16 years ago

“the blessing of same-sex unions is not in conflict with the church’s core doctrine, in the sense of being credal.”

THANKS BE TO GOD!!! 😀 Praise Christ for his saints in the Anglican Church of Canada!

Prior Aelred
16 years ago

Well, I must say that the bishops surprised me (although it was, obviously, very close) — now I would not be surprised should the ACC join the United Church and the civil government in recognizing same sex unions (& blessing them).

Andrew Innes
Andrew Innes
16 years ago

Prior Aelred:

Sadly, your wish is not to be. It appears there were two swing voters in the HOB

Prior Aelred
16 years ago

Spoke too soon — two bishops switched sides — rumored to be Bishop Matthews of Edmundton & Kerr-Wilson of Qu’Appelle — now the question is does this prohibits dioceses from acting as they see fit (as New Westminster has been doing & as others wish to) — a resolution still to be considered is B001 which says that the passing or failure of A187 will have no effect: BE IT RESOLVED: Notwithstanding any decisions taken by this its 2007 Synod, the General Synod of the Anglican Church of Canada affirms that the present practice of the Synod and Bishop of… Read more »

stephen bates
stephen bates
16 years ago

Yes, but the Canadian bishops went on to scupper the motion to authorise dioceses to allow the blessing of committed same sex unions.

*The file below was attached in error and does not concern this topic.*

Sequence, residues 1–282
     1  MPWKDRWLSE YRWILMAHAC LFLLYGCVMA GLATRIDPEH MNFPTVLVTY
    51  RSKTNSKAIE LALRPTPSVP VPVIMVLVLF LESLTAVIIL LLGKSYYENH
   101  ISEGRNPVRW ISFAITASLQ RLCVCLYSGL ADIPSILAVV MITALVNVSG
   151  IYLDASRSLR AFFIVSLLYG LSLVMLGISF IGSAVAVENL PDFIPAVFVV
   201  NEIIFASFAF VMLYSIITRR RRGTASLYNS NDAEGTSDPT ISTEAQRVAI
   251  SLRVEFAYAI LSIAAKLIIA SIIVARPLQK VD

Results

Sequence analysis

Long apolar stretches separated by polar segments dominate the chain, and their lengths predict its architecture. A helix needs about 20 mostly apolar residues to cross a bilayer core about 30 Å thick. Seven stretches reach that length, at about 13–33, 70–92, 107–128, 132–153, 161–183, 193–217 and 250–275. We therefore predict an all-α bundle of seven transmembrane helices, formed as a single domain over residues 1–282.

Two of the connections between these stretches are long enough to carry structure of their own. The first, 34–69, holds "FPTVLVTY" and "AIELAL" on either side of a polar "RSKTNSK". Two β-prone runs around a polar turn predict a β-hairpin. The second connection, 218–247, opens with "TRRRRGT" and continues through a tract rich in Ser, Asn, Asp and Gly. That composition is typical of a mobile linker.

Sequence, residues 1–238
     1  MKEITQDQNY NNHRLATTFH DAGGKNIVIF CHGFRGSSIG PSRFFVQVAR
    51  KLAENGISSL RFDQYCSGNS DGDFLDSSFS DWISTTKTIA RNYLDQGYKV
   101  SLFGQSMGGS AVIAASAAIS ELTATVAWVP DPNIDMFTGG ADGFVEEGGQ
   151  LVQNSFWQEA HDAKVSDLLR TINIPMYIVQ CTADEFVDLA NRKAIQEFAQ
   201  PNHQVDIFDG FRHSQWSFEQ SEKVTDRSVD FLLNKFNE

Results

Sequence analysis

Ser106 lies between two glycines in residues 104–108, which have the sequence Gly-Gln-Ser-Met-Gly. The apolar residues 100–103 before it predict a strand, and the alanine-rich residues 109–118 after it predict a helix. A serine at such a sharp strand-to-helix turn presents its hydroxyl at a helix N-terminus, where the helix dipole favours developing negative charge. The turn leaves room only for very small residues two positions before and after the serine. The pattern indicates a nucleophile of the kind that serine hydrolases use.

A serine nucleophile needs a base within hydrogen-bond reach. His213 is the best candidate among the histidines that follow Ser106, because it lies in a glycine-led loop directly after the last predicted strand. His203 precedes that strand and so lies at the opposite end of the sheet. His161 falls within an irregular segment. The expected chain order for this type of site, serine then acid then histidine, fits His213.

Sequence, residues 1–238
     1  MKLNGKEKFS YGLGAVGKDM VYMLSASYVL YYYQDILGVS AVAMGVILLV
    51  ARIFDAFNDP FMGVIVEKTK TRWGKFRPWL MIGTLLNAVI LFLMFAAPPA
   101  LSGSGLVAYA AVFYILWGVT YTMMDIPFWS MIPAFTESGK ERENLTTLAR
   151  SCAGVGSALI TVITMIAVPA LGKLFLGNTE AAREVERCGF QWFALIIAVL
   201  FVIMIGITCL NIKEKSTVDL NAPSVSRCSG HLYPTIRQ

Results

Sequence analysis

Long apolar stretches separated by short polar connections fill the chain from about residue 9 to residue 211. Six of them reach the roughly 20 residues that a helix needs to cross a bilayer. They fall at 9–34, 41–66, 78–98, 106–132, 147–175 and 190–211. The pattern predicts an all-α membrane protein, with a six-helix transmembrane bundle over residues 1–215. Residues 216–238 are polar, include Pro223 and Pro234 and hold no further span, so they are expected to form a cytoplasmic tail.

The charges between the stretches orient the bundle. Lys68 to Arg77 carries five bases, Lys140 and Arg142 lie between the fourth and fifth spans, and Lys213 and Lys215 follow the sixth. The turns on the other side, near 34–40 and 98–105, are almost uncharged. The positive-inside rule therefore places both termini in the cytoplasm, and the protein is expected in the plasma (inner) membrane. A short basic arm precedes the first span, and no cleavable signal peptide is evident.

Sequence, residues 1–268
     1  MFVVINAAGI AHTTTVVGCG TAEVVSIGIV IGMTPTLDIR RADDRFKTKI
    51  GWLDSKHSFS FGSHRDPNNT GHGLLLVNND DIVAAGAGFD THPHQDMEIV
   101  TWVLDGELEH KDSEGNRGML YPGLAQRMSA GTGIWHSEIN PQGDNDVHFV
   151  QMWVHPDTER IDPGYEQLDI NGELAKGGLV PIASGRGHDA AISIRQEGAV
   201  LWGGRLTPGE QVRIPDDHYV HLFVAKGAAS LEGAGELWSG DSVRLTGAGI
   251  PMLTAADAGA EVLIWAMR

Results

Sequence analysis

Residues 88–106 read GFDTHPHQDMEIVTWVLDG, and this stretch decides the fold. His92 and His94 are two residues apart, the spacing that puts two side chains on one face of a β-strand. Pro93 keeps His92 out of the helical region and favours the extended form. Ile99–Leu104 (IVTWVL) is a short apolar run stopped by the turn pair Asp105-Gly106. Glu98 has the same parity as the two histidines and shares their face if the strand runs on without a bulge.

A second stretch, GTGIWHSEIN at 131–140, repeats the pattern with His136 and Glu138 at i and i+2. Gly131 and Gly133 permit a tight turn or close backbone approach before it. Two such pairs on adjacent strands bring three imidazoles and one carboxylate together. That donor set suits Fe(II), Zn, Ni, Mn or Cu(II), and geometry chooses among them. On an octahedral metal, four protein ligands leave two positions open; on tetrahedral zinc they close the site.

Voting was by houses and it needed a majority in all three to pass:
Lay: For: 78, Against, 59
Clergy: For 63, Against 53
Bishops: For 19, Against 21.
So, although the earlier motion stands, this motion falls. My early edition story is rather different from my late edition one.

Jim Pratt
Jim Pratt
16 years ago

I don’t think Greg Kerr-Wilson was one of the bishops who switched. Based on a conversation I had with him at Synod in ’04, I would place him firmly on the “no” side on both questions.

My guess it was any one of a number of moderate to liberal bishops in more moderate to conservative dioceses (like Victoria Matthews) who felt we are not quite ready for actually blessing unions.
(Claude Miller of Fredericton, Don Phillips of Ruperts Land, Caleb Lawrence of Moosonee, Rodney Andrews of Saskatoon are a few possibilities that come to mind).

Malcolm French+
16 years ago

I was briefly watching the live webcast of Synod and I believe I actually saw +Caleb Moosonee speaking out in favour of the motion. Caught me by surprise. I think the bishops and their thought processes are pretty hard to nail down. One media report describes +James British Columbia as supporting the blessing of same sex unions but voting against the second resolution. +David Keewatin had a reputation as a liberal. (He once ran as a Liberal Party candidate in a Saskatchewan provincial election – but then the Liberal Party never was particularly liberal). Despite his Liberal and liberal credentials,… Read more »

Prior Aelred
16 years ago

Well, the person who was guessing Bishop Kerr-Wilson retracted & guessed Bishop Lawrence instead — who Malcolm French+ writes actually spoke in favor — so the upshot is that two bishops out of the whole (everyone seems to think that Bishop Matthews was one) changed their votes & that it was a closer vote with the bishops than the other houses & no one really expects this to move in other other direction in the next three years except towards increasing acceptance of same sex unions — is that about right?